I'm reading this very cool paper on the formation of wrinkles in elastic materials. The key result of the paper is a set of scaling laws for the amplitude and wavelength of wrinkles based on the physical properties of the material, and an explanation for why wrinkles of a characteristic wavelength emerge from the balance of bending and stretching energies.

I'm trying to follow their derivation of these scaling laws from formulation of an energy functional. I can get it all except for the physical derivation of a key ingredient: the condition of inextensibility (Eqn. 2 in their paper).

Let me set up the problem: Suppose you have a thin elastic sheet of length $L$ and width $W\ll L$. Now suppose you clamp down two ends and you subject it to a tension force along its length (the $x$ direction). At a critical strain in the material, wrinkles will develop along the $x$ direction. Parametrize the height of the wrinkles as $\zeta(x,y)$ and work in the limit of small deformation $\zeta$ (and small derivatives of $\zeta$). One can write down bending and stretching energy functionals dependent on $\zeta$, and in addition the boundary condition given by the geometry of the problem is the so-called inextensibility condition, which the authors write as


where recall that the $y$ direction is transverse to the applied tension (and the wrinkles), and $\Delta(x)$ is the "imposed compressive transverse displacement" in their words. I feel reasonably confident that this means $\Delta(x)=W-W'$ i.e. the difference between $W$, the relaxed width of the sheet, and $W'$, the current width of the sheet after tension is applied (ignoring the formation of wrinkles). N.B. I'm pretty sure there's a typo in the limits of integration in their paper, which I have corrected here.

My question:

Can someone explain the inextensibility condition to me physically, describe how it applies to this problem, and demonstrate why the mathematical formulation above is correct?

I know that this is an important condition in many situations in continuum mechanics, so I'd like to understand it in general, as well as in this particular context. Wikipedia doesn't seem to have a good article on it.

My thoughts so far:

My physical interpretation of the inextensibility condition is that the width of the sheet at a given point must be conserved in the wrinkling process, so that if you measure the arc length of the sheet in the transverse direction along all the wrinkles, you should get the same width that you would have without any wrinkles ($W'$ in the paragraph above). If I write out that expression mathematically, I get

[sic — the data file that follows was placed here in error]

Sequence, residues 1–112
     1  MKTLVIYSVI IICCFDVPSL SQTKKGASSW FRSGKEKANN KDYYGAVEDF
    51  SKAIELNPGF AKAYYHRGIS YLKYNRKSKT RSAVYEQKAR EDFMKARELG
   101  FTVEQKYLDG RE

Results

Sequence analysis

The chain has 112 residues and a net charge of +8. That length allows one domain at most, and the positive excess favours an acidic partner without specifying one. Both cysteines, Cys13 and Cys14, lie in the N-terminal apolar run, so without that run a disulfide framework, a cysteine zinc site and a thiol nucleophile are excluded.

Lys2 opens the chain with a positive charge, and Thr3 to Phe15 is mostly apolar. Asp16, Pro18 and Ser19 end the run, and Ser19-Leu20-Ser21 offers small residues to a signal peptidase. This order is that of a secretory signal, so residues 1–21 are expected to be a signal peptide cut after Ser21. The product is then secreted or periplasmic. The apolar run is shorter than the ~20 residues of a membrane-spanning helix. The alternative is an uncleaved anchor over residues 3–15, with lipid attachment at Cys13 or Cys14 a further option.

$$W'=\int_0^W\sqrt{1+(\partial_y\zeta)^2}dy \approx \int_0^W\left(1+\frac{1}{2}(\partial_y\zeta)^2\right)dy $$

Since $W' = W-\Delta(x)$, I can re-write $W' = \int_0^W\left(1-\frac{\Delta(x)}{W}\right)dy$. Equating the two, simplify to obtain


Which differs by a sign from the stated result. The sign that they have there is crucial, since the only way my integrand can be zero is if both components are trivially zero. It is possible that by definition $\Delta(x)<0$, but this seems a very strange convention, and it is not honored later in the paper.

Thus, I am left to believe that either (1) I made a sign error (hopefully not!), (2) the sign of $\Delta(x)$ has a strange convention, or (3) my understanding of the inextensibility condition was incorrect. I'd appreciate any help you have!

  • $\begingroup$ If I understand it correctly, the "inextensibility" condition simply states that because of the "fixed" boundary conditions at the left and right ends of the sheet (see figure 1 of that paper), the length of the sheet in the in the x-direction is fixed, and cannot change. $\endgroup$ – user_of_math Oct 22 '14 at 18:09

If inextensibility means that the arc length of the wrinkled sheet is equal to the unwrinkled sheet width, then the arc length must be $W$ and not $W'$. Also, the upper bound of integration over the y-axis is $W'$ (and not $W$), because there is no peace of the plate present between $W'$ and $W'\!\!+\Delta(x)$ in the deformed situation. This leads to $$W\approx\int_0^{W'}\left(1+\frac{1}{2}(\partial_y\zeta)^2\right)dy$$ Integrating up to the upper bound $W$ means you include an extra peace of $\Delta(x)$ which has to be accounted for. $$\int_0^{W'}\left(1+\frac{1}{2}(\partial_y\zeta)^2\right)dy=\int_0^{W}\left(1+\frac{1}{2}(\partial_y\zeta)^2\right)dy-\Delta(x)$$ Equating and simplifying this just as you did then leads to the condition of inextensibility as proposed in the paper. $$\int_0^W\left[\frac{1}{2}(\partial_y\zeta)^2-\frac{\Delta(x)}{W}\right]dy=0$$


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